Which is a problem because I am pregnant. Here’s the thing: I’m just uncomfortable around babies. I was reminded of this recently on a family vacation upon meeting a new nephew. I very much have the attitude of a child-less person when confronted with another’s infant. They are cute from afar, and it’s fun to purchase tiny clothes, but for the most part I don’t want to get too close. I worry they will spit up on me and start crying and I won’t know what to do. I thought this attitude would change after I had a child. That perhaps I would learn that magical formula of rocking and soothing. Or that I would long to smell the milky baby scent and soft fuzzy head. Instead, I nod politely and rush off to entertain the older kids. Maybe I’m just not a Mama. You know the ones, the baby whisperers, who cast evil glances at children older than a year. Their primary skill set revolves around the youngest humans. They can breastfeed with no issues and quiet a crying infant with just the tip of their pinkie and a soothing voice. Instead I’m a full on Mom. When I’m not pregnant, I like to be the one out there with the dads, running with a soccer ball. I laugh at the kids' jokes and come up with goofy games for them to play, but those babies, man, those babies really make me nervous.
I figured it would change since I’ve already gone through the infant stage---maybe some part of me would long to bond with this new child; instead, I am terrified. It’s even worse this time because I know better. I know that along with the cute onesies and soft hair are the sleepless nights, the endless screaming and crying. It was the non-communication that really got to me. They seem like small aliens, incapable of complex emotions beyond crying. The first year was such a blur to me. There are happy pictures from that time, but mostly I remember the crying and the boredom. And when I say crying, I feel like I should clarify that. It’s more than just a few pathetic sobs, babies cry at a heart-wrenching rate. I would be jolted awake multiple times per night from a dead sleep into full on anxiety mode. My heart would be racing and the longer he cried, the sicker I felt. I couldn’t disassociate from the screaming, couldn’t understand it, so I cried too. I felt as if I were fighting a war every night, waiting for the end to come.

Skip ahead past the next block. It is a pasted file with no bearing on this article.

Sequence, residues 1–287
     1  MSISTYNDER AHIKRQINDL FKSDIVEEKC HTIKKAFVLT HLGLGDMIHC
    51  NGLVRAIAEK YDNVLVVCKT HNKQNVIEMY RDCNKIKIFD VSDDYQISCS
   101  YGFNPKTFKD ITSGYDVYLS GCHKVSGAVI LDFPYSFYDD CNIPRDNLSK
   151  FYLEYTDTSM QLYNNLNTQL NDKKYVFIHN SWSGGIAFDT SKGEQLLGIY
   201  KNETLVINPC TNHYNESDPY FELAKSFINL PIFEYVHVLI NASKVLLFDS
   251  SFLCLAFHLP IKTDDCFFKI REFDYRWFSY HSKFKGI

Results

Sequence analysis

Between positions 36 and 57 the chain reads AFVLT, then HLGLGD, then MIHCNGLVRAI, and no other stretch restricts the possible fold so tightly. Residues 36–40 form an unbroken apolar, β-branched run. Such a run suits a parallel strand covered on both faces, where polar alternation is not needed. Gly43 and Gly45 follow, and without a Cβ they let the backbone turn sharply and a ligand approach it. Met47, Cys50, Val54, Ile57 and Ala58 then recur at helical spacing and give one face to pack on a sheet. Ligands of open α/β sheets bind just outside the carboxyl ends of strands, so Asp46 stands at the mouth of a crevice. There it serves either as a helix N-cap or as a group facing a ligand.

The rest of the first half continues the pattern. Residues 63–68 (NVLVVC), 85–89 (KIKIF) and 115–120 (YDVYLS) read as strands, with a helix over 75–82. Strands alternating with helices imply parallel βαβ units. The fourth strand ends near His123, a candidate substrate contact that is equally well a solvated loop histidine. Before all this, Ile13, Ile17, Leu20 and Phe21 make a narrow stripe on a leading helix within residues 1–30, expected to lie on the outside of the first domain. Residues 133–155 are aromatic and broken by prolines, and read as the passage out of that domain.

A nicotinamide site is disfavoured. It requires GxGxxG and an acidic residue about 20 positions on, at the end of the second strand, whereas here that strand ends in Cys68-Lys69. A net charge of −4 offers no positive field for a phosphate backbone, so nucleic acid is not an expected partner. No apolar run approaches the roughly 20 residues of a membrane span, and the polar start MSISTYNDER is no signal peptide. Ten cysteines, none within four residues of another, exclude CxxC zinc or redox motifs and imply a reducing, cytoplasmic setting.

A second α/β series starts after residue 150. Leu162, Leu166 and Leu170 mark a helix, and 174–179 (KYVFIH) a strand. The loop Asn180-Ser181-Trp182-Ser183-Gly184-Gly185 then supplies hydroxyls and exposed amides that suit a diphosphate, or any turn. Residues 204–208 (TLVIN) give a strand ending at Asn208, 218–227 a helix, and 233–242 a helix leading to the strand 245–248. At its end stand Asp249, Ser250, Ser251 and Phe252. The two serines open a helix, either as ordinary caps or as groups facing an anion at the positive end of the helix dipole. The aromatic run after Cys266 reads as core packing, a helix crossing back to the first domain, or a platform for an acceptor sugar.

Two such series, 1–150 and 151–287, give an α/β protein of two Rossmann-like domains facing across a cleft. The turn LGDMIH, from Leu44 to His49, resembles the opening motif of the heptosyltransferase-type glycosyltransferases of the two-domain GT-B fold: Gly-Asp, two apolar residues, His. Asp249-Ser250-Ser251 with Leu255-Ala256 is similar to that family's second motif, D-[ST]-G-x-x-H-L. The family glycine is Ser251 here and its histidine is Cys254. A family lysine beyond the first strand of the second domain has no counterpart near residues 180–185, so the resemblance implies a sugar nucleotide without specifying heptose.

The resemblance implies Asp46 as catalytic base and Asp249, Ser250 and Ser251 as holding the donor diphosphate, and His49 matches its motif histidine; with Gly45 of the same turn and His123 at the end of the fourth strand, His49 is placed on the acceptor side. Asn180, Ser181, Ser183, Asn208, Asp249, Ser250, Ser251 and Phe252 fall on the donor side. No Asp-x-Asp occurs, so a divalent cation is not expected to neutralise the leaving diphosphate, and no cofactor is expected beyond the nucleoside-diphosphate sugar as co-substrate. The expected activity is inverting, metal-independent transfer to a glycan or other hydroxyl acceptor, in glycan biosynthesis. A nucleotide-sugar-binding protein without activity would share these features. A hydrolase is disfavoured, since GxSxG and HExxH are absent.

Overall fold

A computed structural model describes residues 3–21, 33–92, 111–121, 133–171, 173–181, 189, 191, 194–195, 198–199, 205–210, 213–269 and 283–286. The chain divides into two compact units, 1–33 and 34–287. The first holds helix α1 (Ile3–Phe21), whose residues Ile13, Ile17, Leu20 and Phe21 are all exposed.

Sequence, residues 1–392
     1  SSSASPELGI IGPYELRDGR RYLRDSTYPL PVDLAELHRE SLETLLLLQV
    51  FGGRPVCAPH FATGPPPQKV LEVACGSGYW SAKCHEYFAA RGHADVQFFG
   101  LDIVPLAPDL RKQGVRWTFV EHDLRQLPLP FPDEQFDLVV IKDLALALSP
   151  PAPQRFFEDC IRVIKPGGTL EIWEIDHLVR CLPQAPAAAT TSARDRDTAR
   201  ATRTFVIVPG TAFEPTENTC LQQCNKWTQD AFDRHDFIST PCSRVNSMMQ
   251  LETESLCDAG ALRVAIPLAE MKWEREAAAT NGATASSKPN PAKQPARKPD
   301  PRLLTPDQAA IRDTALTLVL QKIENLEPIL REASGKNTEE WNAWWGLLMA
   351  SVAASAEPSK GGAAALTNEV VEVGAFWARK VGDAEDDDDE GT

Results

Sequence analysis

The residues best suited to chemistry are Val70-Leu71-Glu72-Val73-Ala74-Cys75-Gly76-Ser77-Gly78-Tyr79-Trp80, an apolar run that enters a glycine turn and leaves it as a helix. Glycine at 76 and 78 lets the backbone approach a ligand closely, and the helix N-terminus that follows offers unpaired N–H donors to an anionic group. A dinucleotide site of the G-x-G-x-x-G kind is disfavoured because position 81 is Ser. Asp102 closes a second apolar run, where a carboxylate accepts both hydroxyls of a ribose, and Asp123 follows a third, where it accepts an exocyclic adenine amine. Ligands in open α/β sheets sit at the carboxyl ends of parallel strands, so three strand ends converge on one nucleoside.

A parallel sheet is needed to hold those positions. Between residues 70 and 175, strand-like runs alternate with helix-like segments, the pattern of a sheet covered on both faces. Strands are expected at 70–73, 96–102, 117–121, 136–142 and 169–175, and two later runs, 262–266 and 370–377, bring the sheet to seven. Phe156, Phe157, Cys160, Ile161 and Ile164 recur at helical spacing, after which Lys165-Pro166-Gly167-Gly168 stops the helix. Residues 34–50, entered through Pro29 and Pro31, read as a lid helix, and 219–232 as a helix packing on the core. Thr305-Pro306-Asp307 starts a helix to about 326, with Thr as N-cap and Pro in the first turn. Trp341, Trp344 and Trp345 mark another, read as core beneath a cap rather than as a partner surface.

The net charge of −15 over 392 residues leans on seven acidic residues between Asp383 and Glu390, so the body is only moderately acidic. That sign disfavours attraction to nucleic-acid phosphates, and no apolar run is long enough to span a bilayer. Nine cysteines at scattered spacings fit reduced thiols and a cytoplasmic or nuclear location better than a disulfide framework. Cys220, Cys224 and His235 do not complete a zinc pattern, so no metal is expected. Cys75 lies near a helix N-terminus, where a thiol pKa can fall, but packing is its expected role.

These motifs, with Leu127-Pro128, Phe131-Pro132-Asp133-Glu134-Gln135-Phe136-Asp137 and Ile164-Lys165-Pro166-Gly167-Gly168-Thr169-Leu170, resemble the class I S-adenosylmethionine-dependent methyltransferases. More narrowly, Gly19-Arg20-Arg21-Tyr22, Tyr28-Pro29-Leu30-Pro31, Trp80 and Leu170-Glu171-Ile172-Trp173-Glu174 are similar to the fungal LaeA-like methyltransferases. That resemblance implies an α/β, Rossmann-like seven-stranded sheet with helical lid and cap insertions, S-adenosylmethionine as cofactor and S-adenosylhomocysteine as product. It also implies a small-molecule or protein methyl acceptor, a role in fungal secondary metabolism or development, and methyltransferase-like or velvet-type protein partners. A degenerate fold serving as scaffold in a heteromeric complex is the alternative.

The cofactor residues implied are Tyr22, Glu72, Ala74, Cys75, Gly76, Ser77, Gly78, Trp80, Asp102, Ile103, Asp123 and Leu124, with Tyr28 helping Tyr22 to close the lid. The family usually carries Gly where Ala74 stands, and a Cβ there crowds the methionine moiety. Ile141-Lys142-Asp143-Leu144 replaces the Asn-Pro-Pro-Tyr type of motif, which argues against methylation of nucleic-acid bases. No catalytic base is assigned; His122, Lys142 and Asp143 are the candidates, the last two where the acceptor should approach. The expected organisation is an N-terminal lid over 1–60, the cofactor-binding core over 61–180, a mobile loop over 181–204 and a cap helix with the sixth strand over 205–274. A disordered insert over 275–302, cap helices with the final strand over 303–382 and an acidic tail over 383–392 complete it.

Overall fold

It did come, finally. Charley grew up. So now I have a little boy whom I love more than anyone in the world, and I worry everyday of this pregnancy that that will always be the case. I worry that when this next baby comes I will retreat to my older child, seek solace, and block out the younger one. I worry I will never love the younger one as much as my first born. Mostly, I just worry.